We mostly take our traditions for granted; so much so that many youth today feel rootless and search for traditions. One freshman I taught could not relate to Victor Frankl’s inspiring book Man’s Search for Meaning because he felt like he belonged to no meaningful tradition. The survivors of the Holocaust camp Frankl described found meaning in their families and Jewish faith. But this student had been told his whole life to define meaning for himself. I was stunned to hear an 18-year old complain that he is tired of being told to define the purpose of his life. How can his life have meaning if he doesn’t belong to a group that teaches him about meaning? he asked. He didn’t have a religious identity, an ethnic identity, or any group identity. Consequently, his life lacked one core element of meaning. The next year, he joined a fraternity. He reassured me that his desire to join a fraternity was not to have drinking buddies but to belong to a group that gave his life meaning.
In After Virtue, Alasdair MacIntyre argues that personal narratives need to be embedded in traditions and institutions that give our lives collective meaning. Religions, nationalities, ethnicities and universities with their many fraternities, sororities and sports teams all remind us that our lives have meaning as part of a narrative that is bigger than ourselves. Wearing a mantilla, a saree, a fraternity shirt or a college baseball cap links us to a group.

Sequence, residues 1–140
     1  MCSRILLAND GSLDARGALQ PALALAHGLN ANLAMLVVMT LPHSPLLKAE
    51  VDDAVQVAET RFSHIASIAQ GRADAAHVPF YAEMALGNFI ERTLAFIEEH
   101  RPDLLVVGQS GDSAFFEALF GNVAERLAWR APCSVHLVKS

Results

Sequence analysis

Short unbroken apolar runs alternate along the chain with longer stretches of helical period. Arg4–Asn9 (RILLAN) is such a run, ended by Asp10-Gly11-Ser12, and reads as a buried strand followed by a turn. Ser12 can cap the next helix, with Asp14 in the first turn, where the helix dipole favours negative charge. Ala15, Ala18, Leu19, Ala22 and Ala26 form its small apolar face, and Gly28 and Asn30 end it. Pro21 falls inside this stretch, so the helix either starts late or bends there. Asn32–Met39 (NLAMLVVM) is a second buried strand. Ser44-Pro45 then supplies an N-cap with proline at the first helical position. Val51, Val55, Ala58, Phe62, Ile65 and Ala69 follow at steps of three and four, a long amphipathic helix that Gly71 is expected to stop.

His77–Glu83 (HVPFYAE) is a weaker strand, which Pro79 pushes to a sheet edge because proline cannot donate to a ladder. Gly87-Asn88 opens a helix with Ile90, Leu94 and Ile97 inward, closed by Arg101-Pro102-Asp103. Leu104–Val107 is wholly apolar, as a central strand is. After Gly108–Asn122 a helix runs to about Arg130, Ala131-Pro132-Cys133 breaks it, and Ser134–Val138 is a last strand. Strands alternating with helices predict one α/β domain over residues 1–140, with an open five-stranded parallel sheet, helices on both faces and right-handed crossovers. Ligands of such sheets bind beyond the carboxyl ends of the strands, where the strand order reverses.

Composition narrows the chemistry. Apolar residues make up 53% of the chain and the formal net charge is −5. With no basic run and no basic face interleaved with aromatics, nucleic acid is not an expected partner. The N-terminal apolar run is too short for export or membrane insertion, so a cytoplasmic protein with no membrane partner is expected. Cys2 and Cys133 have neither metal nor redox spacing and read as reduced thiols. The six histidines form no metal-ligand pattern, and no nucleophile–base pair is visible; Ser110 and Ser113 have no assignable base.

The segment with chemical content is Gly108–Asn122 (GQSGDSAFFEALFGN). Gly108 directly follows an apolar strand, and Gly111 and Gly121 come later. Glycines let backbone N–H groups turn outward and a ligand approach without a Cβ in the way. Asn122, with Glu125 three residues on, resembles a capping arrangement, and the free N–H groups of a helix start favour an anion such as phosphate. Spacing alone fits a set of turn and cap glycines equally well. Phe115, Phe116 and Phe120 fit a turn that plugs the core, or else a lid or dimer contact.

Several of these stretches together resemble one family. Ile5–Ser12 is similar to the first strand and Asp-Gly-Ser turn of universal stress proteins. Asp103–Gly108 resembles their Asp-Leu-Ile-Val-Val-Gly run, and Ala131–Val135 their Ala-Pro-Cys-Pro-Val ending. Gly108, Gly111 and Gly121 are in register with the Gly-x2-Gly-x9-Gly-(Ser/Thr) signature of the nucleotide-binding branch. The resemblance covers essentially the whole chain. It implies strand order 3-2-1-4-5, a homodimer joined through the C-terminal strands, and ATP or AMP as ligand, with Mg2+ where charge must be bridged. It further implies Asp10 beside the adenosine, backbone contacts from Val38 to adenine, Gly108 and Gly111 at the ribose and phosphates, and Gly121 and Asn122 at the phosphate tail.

Embracing someone else’s tradition is a symbol of respect for their group. So despite my nervous debut wearing a saree, when I was invited to an Indian-American wedding, I bravely asked my Indian-American friend to help wrap me in my saree. Google didn’t have instructions for a saree Burrito Wrap, but we found a pretty cool You Tube video where an Indian woman teaches an Indian-American woman to be a “good Indian girl” by putting on a saree. We laughed and acted out the scene. When I walked outside, my neighbors stopped to take pictures of me in my gorgeous saree. You too can turn to YouTube to learn how to be a good Indian girl. Check it out right here.
Previous generations rejected traditions in favor of individuality. But for many young people raised in today’s society that exalts individual autonomy, where our personal identity is malleable, and where our closest relationships change frequently, there is something very appealing about traditions. Even when you have to Google a particular tradition, even when a tradition is not from your own ethnicity, and even when others hardly practice those traditions anymore, traditions link us to other people. Traditions link us to a past and to a future. Traditions look good in Facebook pictures.
Can an individual life be meaningful without any tradition? Perhaps no more than a baby can survive on his own. Traditions help fulfill man’s search for meaning, a quest that is essential to being a person, and a quest that must be fulfilled in relation to others. What are the traditions that give your life meaning? What social practices tie you to others?